He was charged with murder, convicted and sentenced to death before later being resentenced to life in prison. On Tuesday, more than two decades after his arrest, Williams walked free from the Louisiana State Penitentiary in Angola.
Williams’s freedom came through a remarkable turnabout in which Louisiana authorities, having objected to his petitions in court over the years, reversed course and agreed to a settlement. His case had attracted high-profile support, including from dozens of former federal prosecutors and Justice Department officials — among them Michael B. Mukasey, the former attorney general — who weighed in earlier this year.
Under the terms of the plea agreement, filed in a Louisiana district court Monday, his first-degree murder conviction and sentence were vacated. Williams, now 36, instead pleaded guilty to manslaughter and obstruction of justice and was sentenced to time served.
“This case, for all involved, for a while, has been a heart-wrenching case,” Amir Ali, an attorney with the MacArthur Justice Center, a civil rights law firm that helped represent Williams, said in an interview after a judge approved the agreement. “This was an impossible deal for Corey to turn down. I think, given the circumstances, it was the best possible outcome for Corey.”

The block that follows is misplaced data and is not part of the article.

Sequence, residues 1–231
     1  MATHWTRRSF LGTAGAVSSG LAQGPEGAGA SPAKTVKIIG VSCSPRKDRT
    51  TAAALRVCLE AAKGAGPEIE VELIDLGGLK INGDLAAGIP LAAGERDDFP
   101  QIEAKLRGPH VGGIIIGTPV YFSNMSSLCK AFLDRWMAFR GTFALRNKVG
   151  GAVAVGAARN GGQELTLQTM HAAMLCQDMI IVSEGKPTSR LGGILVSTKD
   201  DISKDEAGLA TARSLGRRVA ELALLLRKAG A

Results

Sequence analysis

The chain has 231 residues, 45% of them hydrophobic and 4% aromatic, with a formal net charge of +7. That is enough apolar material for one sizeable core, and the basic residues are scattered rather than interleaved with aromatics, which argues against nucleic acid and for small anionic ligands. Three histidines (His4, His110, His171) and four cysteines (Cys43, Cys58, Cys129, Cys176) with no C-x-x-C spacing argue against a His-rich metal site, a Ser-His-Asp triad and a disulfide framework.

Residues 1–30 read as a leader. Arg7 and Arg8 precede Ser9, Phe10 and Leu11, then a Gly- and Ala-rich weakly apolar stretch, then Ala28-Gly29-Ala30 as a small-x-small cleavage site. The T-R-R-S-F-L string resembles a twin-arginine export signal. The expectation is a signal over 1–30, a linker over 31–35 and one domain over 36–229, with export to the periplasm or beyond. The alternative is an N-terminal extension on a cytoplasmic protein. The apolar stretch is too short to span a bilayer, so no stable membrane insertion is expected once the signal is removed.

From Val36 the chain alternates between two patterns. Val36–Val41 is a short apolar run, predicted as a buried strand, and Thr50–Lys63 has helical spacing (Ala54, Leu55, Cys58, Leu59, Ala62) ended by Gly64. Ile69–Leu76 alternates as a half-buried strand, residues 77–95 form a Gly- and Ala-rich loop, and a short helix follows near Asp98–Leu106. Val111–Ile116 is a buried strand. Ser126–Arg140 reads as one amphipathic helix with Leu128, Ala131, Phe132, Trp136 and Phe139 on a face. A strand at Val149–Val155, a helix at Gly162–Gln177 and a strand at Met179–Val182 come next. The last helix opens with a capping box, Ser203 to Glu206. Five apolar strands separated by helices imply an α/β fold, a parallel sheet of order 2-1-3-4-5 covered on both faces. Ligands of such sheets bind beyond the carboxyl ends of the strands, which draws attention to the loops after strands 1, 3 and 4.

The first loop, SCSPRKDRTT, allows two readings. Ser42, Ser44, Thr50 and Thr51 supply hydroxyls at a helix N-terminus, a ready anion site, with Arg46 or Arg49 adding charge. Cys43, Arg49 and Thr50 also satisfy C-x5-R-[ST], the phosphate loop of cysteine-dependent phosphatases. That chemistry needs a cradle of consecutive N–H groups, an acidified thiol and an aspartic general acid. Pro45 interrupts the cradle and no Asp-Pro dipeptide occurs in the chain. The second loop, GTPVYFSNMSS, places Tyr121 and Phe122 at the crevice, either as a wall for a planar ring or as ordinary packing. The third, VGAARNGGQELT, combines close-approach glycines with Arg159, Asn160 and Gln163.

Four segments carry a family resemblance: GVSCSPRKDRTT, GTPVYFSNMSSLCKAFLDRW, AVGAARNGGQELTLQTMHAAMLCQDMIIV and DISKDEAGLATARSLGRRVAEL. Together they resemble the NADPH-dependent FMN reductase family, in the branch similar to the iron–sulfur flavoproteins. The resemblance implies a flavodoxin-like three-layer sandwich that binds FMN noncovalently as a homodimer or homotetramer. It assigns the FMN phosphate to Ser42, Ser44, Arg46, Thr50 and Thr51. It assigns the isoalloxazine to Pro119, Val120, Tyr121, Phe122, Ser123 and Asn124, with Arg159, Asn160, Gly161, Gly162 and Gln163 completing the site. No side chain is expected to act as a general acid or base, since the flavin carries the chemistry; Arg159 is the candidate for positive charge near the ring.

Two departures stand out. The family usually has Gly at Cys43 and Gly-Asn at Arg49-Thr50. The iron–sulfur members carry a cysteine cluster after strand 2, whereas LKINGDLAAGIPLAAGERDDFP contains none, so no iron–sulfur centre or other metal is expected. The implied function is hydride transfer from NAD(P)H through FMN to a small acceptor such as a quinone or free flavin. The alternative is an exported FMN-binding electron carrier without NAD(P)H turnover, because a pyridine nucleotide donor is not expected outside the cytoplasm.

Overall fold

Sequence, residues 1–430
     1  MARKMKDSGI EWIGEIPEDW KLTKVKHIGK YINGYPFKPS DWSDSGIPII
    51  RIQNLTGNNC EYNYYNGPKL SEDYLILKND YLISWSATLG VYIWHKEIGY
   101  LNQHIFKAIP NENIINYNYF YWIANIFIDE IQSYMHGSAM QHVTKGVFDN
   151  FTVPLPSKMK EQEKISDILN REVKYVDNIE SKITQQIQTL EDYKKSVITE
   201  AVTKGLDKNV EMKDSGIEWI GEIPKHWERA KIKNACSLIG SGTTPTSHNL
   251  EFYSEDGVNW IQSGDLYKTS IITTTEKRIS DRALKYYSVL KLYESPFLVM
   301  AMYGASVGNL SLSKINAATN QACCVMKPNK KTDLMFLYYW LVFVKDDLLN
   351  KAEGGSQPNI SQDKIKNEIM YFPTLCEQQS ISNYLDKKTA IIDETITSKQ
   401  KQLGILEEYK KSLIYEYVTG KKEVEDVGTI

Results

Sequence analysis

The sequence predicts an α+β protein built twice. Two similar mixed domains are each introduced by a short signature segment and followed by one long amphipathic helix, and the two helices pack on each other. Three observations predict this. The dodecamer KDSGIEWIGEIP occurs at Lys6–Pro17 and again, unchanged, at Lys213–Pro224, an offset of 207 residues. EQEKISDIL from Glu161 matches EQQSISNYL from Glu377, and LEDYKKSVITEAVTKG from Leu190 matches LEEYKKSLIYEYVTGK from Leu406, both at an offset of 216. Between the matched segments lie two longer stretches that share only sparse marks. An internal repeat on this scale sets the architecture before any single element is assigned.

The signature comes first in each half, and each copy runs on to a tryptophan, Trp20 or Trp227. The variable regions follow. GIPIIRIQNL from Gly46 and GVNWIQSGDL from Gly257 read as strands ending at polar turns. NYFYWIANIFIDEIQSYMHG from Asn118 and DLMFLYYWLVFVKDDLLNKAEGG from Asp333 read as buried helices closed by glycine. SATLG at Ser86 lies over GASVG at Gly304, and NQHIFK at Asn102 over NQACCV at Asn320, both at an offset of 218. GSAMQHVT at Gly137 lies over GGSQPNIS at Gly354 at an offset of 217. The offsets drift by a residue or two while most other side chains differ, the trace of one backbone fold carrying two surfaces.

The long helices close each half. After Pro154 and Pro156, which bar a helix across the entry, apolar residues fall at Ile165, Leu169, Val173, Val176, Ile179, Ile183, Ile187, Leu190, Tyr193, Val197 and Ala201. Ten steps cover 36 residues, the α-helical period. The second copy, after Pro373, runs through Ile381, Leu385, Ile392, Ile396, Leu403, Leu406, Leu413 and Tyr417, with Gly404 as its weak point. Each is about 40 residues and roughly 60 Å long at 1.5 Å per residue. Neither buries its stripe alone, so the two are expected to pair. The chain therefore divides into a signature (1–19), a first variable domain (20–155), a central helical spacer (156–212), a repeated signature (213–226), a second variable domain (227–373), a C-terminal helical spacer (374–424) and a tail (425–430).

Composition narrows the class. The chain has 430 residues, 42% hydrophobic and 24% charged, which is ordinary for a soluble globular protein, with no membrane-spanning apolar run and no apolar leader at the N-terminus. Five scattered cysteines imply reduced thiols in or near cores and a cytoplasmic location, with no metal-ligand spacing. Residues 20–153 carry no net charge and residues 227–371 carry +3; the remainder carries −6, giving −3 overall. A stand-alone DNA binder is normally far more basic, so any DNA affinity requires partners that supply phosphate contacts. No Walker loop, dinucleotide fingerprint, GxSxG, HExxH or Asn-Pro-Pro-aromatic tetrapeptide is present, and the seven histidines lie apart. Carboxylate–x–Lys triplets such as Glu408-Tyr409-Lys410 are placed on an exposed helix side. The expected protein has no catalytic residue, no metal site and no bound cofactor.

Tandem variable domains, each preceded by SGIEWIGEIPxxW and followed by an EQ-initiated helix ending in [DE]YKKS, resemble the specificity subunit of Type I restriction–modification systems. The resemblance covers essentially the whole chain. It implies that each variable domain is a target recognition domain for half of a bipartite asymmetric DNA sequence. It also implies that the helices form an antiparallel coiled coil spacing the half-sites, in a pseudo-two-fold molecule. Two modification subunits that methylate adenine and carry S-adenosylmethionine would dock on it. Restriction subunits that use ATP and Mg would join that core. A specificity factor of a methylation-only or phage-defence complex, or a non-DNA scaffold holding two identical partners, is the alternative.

Williams’s attorneys had petitioned the U.S. Supreme Court to hear the case, and Louisiana’s response was due in mid-June. Louisiana authorities ultimately decided to end the case rather than defend it before the high court.
In a joint motion filed with Williams’s attorneys Monday, James E. Stewart Sr., the Caddo Parish district attorney, said the state undertook an investigation into the case, reviewing witness statements, transcripts and police reports. They concluded that Williams’s constitutional rights “were potentially violated at his original trial,” the motion states, and asked the judge to vacate his original conviction and sentence.
In response to an interview request, Stewart had his office send a statement from Suzanne Owen Williams, an assistant district attorney, released Monday.
“Questions later arose about his case, as well as some legal issues, but today it was all resolved by a plea agreement,” she said. Stewart’s office also noted that as part of the agreement, Williams agreed to waive appeals along with potential claims of any civil liability.
Williams had just turned 16 when Griffin was killed. Griffin had delivered pizzas and returned to his car when someone fired shots at his vehicle, according to a summary of the case from the Louisiana Supreme Court. A bullet perforated both of Griffin’s lungs and penetrated part of his heart. After the shooting, someone also took money and pizza from Griffin’s car.